With year-round Peanuts specials airing on TV, the Peanuts gang is still teaching us life lessons after 70 years. This made me reminisce about my childhood love affair with Charlie Brown, dubbed America’s lovable loser. Despite his hairless, pumpkin-size head and a penchant for wearing zigzag shirts, Charlie Brown had me at “Good, grief!
Since 1950, that endearing blockhead taught me how to keep getting up when life knocks me down. Brilliant cartoonist Charles M. Schulz channeled his inner Charlie Brown in every comic strip, breathing life into an Everyman character that captured common struggles and imparted kick-ass insights.
From the classic holiday TV specials to the weekly Sunday comics, here are six life lessons I learned from that resilient, round-headed kid.
- Find Time to Laugh Everyday
According to Schultz, “Charlie Brown must be the one who suffers, because he’s a caricature of the average person. Most of us are much more acquainted with losing than winning. Winning is great, but it isn’t funny.” Through Charlie Brown’s steady stream of struggles and failures, I learned to find humor (often in retrospect) at my own foibles and botched attempts. When things don’t go my way and I draw the short straw in life, I often turn to my Sweet Babboo (my husband) and say, “I got a rock” to remind myself to laugh at my streak of
Charlie Brown luck.
2. Don’t Give in to Fear
Just like Charlie Brown, everyone feels afraid at some point. But it’s what you do with your fear that matters. Charlie Brown rose above his anxieties again and again, facing his fears head-on, one comic-strip- panel at a time. Afraid to quit my job, start a freelance career, be a stay-at-home mom and homeschool my kids? You bet! But like Charlie Brown, I refused to let fear cripple me. Instead, I let fear fuel me.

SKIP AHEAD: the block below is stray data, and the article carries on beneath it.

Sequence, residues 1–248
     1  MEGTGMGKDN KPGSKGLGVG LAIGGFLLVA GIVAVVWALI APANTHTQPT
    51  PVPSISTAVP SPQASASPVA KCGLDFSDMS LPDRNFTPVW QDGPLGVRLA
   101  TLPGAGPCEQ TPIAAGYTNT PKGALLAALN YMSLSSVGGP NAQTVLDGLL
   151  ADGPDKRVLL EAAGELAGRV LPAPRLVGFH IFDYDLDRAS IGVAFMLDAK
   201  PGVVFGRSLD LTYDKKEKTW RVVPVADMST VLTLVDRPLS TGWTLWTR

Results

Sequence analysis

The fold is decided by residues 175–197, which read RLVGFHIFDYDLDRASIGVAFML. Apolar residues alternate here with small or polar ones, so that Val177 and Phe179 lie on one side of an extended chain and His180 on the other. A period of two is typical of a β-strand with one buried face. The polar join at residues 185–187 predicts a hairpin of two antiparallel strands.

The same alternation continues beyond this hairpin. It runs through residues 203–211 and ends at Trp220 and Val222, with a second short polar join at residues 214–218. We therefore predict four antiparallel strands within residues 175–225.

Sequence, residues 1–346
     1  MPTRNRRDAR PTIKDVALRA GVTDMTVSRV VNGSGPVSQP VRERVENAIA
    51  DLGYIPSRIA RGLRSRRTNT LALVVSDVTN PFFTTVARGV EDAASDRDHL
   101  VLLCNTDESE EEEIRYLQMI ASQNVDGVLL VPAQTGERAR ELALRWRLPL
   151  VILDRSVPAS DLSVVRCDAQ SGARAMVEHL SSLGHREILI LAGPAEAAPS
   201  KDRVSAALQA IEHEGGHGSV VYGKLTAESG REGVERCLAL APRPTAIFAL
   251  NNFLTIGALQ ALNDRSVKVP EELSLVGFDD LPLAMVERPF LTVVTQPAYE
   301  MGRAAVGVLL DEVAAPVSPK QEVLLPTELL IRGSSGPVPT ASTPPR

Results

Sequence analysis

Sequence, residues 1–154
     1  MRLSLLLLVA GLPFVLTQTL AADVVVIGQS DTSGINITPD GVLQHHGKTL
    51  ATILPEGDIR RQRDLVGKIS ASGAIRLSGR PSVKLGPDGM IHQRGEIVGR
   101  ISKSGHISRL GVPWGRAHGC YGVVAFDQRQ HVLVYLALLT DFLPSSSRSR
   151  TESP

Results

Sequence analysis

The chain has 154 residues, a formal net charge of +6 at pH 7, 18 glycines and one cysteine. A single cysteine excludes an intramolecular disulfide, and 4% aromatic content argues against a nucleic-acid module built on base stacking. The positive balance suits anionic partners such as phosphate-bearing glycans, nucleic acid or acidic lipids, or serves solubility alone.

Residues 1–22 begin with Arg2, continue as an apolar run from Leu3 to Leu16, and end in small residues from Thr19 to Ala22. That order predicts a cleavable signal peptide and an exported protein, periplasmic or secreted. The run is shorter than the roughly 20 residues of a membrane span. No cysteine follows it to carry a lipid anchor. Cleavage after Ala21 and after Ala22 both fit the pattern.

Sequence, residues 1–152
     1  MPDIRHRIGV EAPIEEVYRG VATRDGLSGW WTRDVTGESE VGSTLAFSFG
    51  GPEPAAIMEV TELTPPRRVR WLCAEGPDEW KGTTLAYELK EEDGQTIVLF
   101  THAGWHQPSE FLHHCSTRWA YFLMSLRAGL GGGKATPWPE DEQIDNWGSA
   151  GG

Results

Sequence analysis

3. Stick With It
Good ol’ Chuck never gave up, even in the face of his overwhelming loser history with kite-eating trees, football- yanking Lucy and I’m-just-not-that-into-you Little Red-Headed Girl. Despite kite-flying failures, missed punts and unrequited love, Charlie Brown kept at it. With a soft heart and tough spirit, he courageously bounced back every time with an “I-got-this” determination that inspires me.
4. Tap into the Power of Friendship
If it weren’t for the wise and often encouraging words of best friends Linus and Schroeder, Charlie Brown might have tapped out long ago. Instead, he leaned on compassionate, philosophical Linus (described by Schulz as “the house intellectual”) and telling-it-like-it-is Schroeder to bolster his spirit. Like any good BFFs, his pals picked him up when he felt down and reminded him to stay true to himself. If we saw Charlie Brown as an adult, he’d probably be hanging out at a sports bar with Linus and Schroeder, sharing a few beers, commiserating over their recent loss on the baseball diamond and talking about girl troubles. And don’t even get me started on the powerful bond between Snoopy and Woodstock. Best. Friendship. Ever.
5. Be Kind
As the perpetual fall guy and victim of countless verbal assaults (especially from Lucy), Charlie Brown literally took a beating on a regular basis. But despite it all, he forgave his doubters and tormentors, looked for the good in others and behaved kindly toward them. You didn’t see Charlie Brown plotting some evil revenge against his classmates or trash-talking that bully Lucy. Instead, he epitomized grace.
6. Dream Big and Pursue Your Passions
Charlie Brown did not let his terrible win-loss record stop him from playing baseball. He showed up on the pitcher’s mound every time purely for his love of the game. This serves as a terrific reminder to keep on writing regardless of how many rejections I might get from publishers, how hard it might be to grow my humor blog or how much I need to learn about tech apps and social media. I love to write, and I believe in myself.
Graphic Imaging of cartoon characters for story layout by Bridgette Waldau.
The characters depicted in this story are from “The Peanut Movie”, 20th Century Fox & Peanuts and © by their respective authors.